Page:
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Thorium Tests Begin In Norway

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Mark Halper, Smart Planet

A small Norwegian company is testing thorium fuel as a replacement for uranium at a reactor in Norway, catching the attention of the conventional nuclear industry, which has acknowledged that thorium could provide a safer and less weapons-prone nuclear power future.

Putting its foot down. The thorium crowd is adamant that thorium trumps uranium for nuclear safety and efficiency. These engineers stand atop the test reactor in Halden, Norway, which is now burning thorium.

Oslo-based Thor Energy started burning thorium at a test reactor in Halden, Norway in late April.

While thorium enthusiasts promote the element as a safer alternative to uranium, the conventional industry – built on uranium – often downplays the element named after the Norse god of thunder.

Thus, it was notable when World Nuclear News took note of the trial last week and played up thorium’s potential superiority. WNA is part of the World Nuclear Association, a conventional nuclear industry group. In its story, it pointed out that thorium “promises higher operating safety margins…and produces no new plutonium as it operates.”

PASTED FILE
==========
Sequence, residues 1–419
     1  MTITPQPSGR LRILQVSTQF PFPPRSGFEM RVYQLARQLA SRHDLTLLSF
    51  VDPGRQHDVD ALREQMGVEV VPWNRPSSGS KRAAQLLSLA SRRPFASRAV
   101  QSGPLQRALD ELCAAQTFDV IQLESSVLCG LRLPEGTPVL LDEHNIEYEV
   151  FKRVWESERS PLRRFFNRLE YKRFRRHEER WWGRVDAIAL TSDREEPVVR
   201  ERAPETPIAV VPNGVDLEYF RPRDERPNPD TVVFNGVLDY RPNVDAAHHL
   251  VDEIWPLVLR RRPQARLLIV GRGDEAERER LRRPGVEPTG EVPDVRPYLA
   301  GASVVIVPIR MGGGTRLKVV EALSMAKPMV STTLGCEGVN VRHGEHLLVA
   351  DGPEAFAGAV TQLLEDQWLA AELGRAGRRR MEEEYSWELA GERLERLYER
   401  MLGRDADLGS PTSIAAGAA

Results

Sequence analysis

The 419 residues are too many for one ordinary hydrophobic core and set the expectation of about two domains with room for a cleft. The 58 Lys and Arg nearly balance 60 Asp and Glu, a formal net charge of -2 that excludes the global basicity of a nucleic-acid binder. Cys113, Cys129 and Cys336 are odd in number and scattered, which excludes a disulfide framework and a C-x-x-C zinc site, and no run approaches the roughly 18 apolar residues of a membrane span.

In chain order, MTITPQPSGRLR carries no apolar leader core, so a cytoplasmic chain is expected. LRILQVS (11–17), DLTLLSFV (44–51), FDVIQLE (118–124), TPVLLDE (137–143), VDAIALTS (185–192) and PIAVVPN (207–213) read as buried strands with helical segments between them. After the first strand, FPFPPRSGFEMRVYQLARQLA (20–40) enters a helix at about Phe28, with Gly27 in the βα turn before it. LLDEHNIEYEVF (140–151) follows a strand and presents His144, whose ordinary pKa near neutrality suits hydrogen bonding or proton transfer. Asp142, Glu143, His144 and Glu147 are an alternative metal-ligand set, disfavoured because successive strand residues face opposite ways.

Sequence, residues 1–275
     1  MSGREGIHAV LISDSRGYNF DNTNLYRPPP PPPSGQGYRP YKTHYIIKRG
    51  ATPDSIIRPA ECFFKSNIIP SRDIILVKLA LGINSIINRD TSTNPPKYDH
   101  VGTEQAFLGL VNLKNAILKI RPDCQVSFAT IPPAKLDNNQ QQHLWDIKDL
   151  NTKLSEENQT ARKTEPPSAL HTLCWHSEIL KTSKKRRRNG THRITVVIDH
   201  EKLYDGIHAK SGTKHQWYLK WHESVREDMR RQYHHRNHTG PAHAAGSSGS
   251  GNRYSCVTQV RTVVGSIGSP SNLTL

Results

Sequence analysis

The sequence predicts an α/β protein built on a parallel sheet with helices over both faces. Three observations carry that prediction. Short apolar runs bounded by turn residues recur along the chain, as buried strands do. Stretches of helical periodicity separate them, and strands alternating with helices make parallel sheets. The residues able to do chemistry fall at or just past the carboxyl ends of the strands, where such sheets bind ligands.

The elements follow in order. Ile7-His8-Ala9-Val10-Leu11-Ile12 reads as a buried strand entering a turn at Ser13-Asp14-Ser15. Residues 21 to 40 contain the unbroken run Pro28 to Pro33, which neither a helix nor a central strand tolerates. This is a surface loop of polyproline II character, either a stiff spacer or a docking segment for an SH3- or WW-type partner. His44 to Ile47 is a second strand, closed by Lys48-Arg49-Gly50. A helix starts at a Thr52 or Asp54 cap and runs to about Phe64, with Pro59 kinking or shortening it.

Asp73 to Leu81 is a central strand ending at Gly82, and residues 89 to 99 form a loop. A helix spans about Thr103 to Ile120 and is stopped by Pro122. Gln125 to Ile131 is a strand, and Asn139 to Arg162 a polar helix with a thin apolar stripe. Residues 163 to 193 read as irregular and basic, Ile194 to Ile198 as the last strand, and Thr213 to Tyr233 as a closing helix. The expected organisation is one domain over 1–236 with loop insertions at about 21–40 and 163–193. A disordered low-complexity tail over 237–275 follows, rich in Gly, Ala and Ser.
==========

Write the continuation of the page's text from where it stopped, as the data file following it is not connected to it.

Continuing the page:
One of thorium’s many advantages over uranium is that it leaves less long-lived waste such as plutonium, which can be used to make bombs. It can also operate more efficiently than uranium, and is well suited for alternative reactor types known as molten salt reactors that use liquid fuel and cannot melt down.

As I wrote last November, Thor is combining thorium with plutonium, a combination known as thorium MOX (mixed-oxide). By mixing the two, the nuclear industry could use plutonium “waste” from existing reactors as fuel, rather than spending large sums of money to safely store plutonium. The nuclear industry today burns uranium-plutonium MOX at some conventional reactors.

“Thor Energy pointed out that thorium-plutonium fuels therefore provide a new option for reducing civil and military plutonium stocks,” WNN wrote.

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